My review of Forecast by Shya Scanlon is now up at The Cult. Vonnegut meets PKD, it’s a fantastic book. I don’t want to repeat everything I said in the review, but following this story from its original publication across dozens of websites as Forecast 42, to its publication by Flatmancrooked (which sadly is closing up shop) to the new release as an eBook, this novel has quite a history. It carries the political and philosophical angst of Vonnegut with the strange, near future visions of Philip K. Dick. This was a wild ride, one that I really enjoyed.
Some very kind words from Jed Ayers (Noir at the Bar in St. Louis) about Transubstantiate in his Barnes and Noble column today, when talking about The Dewey Decimal System by Nathan Larson (which looks like a great book). I’m honored to be mentioned in the same article as so many fantastic voices. And TDDS looks like my kind of novel. Be sure to check it out. Just follow the link above.
Southern Fried Weirdness: Reconstruction, edited by T.J. McIntyre is now available at Smashwords. Soon for the Kindle too. This is a charity anthology to benefit victims of the recent Alabama tornadoes. Help if you can. It includes my story “Your Enemies Will Devour You” and many other stories. My friend and Write Club / Velvet author Craig Wallwork is in here too. Big fan of his work. Spanning multiple genres – from science fiction to fantasy, from magic realism to Southern Gothic, from horror to slice-of-life – this eclectic collection presents a selection of pieces sure to please readers of all tastes.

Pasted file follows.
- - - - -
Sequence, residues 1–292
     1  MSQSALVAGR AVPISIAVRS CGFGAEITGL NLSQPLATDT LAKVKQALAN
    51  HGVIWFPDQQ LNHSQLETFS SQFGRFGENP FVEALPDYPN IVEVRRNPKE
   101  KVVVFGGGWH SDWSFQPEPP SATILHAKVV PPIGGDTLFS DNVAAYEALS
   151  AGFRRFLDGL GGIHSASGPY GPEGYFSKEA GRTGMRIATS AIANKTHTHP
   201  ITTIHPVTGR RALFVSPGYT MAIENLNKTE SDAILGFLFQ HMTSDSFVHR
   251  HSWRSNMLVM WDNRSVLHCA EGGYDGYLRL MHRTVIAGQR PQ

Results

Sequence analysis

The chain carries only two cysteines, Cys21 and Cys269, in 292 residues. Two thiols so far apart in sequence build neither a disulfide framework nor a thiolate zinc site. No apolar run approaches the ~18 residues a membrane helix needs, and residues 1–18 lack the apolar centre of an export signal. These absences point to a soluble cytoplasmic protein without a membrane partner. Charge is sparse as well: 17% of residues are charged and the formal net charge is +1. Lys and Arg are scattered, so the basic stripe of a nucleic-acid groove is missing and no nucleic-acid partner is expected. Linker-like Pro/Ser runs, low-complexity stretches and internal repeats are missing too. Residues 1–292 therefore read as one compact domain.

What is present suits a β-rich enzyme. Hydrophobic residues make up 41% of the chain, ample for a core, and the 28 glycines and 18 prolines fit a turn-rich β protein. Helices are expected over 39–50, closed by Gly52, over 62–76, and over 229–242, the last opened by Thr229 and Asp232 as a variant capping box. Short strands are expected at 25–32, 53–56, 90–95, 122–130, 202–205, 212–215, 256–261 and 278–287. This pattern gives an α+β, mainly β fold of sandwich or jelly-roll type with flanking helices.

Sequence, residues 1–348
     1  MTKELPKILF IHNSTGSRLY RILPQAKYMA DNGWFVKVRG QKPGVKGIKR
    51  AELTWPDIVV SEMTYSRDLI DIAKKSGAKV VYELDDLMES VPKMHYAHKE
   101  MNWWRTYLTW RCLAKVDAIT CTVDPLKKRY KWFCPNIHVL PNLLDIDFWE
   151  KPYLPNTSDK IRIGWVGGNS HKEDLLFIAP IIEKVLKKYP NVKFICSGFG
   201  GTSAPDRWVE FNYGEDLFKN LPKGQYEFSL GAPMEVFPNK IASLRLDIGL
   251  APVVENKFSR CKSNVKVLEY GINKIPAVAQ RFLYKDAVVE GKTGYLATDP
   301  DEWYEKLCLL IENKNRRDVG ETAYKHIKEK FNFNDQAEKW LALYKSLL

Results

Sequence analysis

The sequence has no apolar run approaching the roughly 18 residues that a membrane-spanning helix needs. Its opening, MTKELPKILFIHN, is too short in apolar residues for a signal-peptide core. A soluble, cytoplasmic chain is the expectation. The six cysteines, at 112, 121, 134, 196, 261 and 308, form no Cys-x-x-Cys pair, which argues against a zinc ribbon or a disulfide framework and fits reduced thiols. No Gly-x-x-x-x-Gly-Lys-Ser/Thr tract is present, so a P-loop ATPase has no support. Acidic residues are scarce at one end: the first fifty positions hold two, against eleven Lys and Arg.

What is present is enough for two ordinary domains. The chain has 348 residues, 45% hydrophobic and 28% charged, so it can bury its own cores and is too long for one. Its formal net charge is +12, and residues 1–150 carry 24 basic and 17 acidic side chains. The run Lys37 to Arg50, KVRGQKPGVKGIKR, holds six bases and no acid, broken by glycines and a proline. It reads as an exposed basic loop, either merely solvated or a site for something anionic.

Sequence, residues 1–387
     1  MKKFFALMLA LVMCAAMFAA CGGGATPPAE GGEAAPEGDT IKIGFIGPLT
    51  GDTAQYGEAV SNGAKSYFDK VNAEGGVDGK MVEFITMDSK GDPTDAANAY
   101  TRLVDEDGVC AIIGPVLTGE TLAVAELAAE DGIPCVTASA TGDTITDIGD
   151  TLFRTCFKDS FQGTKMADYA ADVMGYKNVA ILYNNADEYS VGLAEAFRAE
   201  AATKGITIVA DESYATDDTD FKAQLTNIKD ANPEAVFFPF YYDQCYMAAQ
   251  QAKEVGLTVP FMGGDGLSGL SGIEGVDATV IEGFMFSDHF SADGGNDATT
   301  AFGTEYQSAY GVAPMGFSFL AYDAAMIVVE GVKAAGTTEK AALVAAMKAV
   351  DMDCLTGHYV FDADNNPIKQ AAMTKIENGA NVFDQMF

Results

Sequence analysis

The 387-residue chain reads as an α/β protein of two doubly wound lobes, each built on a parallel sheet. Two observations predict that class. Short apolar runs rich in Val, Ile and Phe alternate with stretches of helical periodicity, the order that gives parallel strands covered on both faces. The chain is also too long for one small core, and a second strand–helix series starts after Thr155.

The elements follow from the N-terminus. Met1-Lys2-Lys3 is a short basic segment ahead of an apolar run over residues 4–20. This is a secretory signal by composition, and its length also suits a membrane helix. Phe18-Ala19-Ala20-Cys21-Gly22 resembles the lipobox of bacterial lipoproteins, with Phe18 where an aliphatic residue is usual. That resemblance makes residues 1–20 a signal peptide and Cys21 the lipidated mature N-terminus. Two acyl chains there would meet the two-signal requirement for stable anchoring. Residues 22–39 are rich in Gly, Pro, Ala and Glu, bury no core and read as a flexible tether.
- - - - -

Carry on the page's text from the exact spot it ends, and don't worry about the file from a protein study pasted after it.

My review of Cowboy Maloney’s Electric City (Dark Sky Books) by Michael Bible is now live up at The Nervous Breakdown. Great little chapbook, very entertaining, a lush read. Bits of Hunter S. Thompson, a touch of William Burroughs, maybe Denis Johnson if he was lost in the desert, and a sprinkle of Tom Robbins for laughs. Dark Sky is doing some great things. Oh, and Barry Hannah loves this guy too (RIP Barry). Well worth it.
I was recently introduced to Black Tickets by Jayne Anne Phillips by my professor, Dale Ray Phillips (no relation) at Murray State University. I’m getting my MFA down there and he thought the story “Home” might help me with one of my stories for my thesis. I wasn’t expecting this work to resonate with me the way it did. It blew me away. She reminds me a lot of Mary Gaitskill, as well as more contemporary voices like Lindsay Hunter, xTx, Ethel Rohan, Tina May Hall, and Jac Jemc. And that’s a good thing.
Head on over to the Emerging Writers Network to read my thoughts on this collection that was published in 1979 and has fallen off the radar a bit in recent years. Put it back on, people, this is some stunning work.